A female ex-student of the University of Benin, spoke anonymously to Information Nigeria, on her experience with a senior lecturer of the institution, in the weeks after they had written their last paper.
“I had gone to check my result in his office with my friend, a girl too. He asked for our matriculation numbers and showed us our grades. My friend and I had both scored ‘B’.
“The man said he was very happy that we did well in the course and engaged us in a little conversation.
“However, I noticed he particularly picked interest in me and asked me, if I would be interested in working as an assistant in his office before the release of our National Youth Service Corps (NYSC) posting letter.
“To say I was elated was, to say the least. I immediately agreed, and I could see the envy in my friend’s eyes. In a minute, I imagined how this little beginning would land me into becoming a graduate assistant and the very beginning to a blissful lecturing career.
“Who said there’s no God, I wondered to myself. My hard work would finally pay off. All those all night reading to make a 2-1(Second Class Upper), didn’t go to waste after all.
“You would start immediately, he said.
“With this, my friend and I talked briefly outside his office, she congratulated me on my new job and off she went.
“I went back into the lecturer’s office, he brought out some examination booklets of some part-time students of the school, which he had already marked and asked me to record their scores in a register which already had their names.
“I started on my first task with all the seriousness in the world and I was so engrossed in it, that I almost thought I was dreaming when I felt very strong hands on my two breasts.
“First, I couldn’t register what had just happened, I couldn’t move, I could breathe, I was lost for words and action.
“I felt totally sad and disappointed. This was a man I spent the last four years admiring, a man old enough to be my father. I particularly chose his course in the second-semester final year because I admired and respected him so much.
“I looked up at him and he laughed devilishly, then took his hands off me. I felt so much disgust and at that instant all the respect I had for him vanished. I thank God, I have graduated and nothing would ever bring me and the pervert under one roof again.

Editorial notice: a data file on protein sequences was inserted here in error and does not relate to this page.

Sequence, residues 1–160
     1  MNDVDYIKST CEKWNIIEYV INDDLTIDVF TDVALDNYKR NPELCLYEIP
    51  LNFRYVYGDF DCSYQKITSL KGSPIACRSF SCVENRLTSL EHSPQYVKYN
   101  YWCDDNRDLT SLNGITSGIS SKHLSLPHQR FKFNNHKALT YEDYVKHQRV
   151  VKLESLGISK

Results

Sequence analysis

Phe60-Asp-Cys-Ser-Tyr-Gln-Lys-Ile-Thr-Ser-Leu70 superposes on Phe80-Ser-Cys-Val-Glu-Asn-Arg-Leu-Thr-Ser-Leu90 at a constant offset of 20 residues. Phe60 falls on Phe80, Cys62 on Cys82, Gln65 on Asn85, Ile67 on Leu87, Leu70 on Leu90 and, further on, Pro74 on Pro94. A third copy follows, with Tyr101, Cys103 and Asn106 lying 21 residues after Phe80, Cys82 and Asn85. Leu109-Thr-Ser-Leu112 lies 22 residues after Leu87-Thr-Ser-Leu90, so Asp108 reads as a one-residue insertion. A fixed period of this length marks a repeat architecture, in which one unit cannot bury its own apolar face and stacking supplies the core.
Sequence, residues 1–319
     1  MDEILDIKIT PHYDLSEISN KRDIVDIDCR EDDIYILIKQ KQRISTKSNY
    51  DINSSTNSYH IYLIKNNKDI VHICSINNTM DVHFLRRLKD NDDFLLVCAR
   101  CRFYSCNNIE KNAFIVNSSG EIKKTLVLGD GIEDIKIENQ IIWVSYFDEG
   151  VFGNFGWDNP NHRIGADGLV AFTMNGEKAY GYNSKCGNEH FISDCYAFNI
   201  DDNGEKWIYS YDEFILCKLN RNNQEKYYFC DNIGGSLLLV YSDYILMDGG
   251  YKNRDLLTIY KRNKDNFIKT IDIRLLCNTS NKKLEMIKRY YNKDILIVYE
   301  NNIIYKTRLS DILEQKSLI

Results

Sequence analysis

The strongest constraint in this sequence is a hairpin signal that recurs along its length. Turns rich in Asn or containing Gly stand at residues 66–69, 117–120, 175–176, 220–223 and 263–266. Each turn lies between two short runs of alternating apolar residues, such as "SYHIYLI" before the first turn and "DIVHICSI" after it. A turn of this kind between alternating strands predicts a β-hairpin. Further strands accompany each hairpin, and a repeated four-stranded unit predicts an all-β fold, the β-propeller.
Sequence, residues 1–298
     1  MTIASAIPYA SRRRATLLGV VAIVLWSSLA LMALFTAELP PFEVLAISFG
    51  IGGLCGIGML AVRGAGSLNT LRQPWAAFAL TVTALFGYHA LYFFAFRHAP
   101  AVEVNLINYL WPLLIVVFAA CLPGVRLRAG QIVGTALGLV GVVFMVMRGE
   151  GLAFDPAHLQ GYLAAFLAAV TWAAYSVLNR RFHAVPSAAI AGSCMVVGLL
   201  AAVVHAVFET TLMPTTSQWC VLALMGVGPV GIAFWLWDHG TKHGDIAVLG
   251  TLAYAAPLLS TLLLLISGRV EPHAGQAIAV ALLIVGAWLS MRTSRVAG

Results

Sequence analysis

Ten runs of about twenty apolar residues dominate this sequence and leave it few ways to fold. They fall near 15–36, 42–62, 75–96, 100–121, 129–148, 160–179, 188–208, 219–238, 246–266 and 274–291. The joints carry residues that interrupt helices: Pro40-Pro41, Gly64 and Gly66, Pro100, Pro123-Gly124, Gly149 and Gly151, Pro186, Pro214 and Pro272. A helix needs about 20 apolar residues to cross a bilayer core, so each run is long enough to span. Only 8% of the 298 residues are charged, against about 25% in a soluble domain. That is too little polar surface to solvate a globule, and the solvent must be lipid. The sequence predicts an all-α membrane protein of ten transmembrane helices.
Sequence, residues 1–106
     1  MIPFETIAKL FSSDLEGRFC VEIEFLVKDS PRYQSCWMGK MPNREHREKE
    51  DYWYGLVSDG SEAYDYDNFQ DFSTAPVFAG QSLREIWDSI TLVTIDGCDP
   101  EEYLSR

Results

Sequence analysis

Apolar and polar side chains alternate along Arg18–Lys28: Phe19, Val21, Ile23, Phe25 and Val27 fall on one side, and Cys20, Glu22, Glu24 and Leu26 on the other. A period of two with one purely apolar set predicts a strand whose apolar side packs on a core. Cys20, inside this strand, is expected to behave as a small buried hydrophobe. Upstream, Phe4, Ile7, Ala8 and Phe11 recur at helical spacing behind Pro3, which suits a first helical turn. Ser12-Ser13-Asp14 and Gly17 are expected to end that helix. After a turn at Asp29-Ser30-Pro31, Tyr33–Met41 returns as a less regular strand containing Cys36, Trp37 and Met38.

“So I played cool, showed no anger and continued recording the scores. So he started asking me if I live in Benin or one of those students that came from neighboring States; What my parents did and other irrelevant questions. I answered calmly and waited patiently for when he would say it’s closing hour.
When it was 5:00 pm, he asked me to take my leave and gave me N500 for transport. I didn’t accept the money even though he insisted because I said I lived inside Ekosodin and my house is just walking distance to school.
He then asked me to come early the next day. Of course, I knew I wasn’t going back there.
Then he called me at 9:00 am the next day and asked why I hadn’t resumed yet. I told him, I got an emergency call from my mom, most after I left his office to start coming to Lagos that she was traveling to Dubai to get goods for her shop since I have already finished my exams.
I could feel his disappointment but he obliged and never called me again.
I asked her if she was indecently dressed, and her response was “No.
“I was wearing a sleeve top on a jean. In fact, I had no makeup on as I never wore any during my university days. ”
According to her, whenever she remembers the incident, she still shudders.
This is just one of the many experiences that many female students face whether in the university, workplace or elsewhere, where they have to face randy men in a position of authority.
Whether indecently dressed or not, some men have made up their mind to harass any woman over whom they have authority over, or whom they already perceive to be vulnerable.
Following the release of the documentary by BBC Africa Eye, a hot debate ensued on social media with many debunking the relationship between indecent dressing and sexual harassment.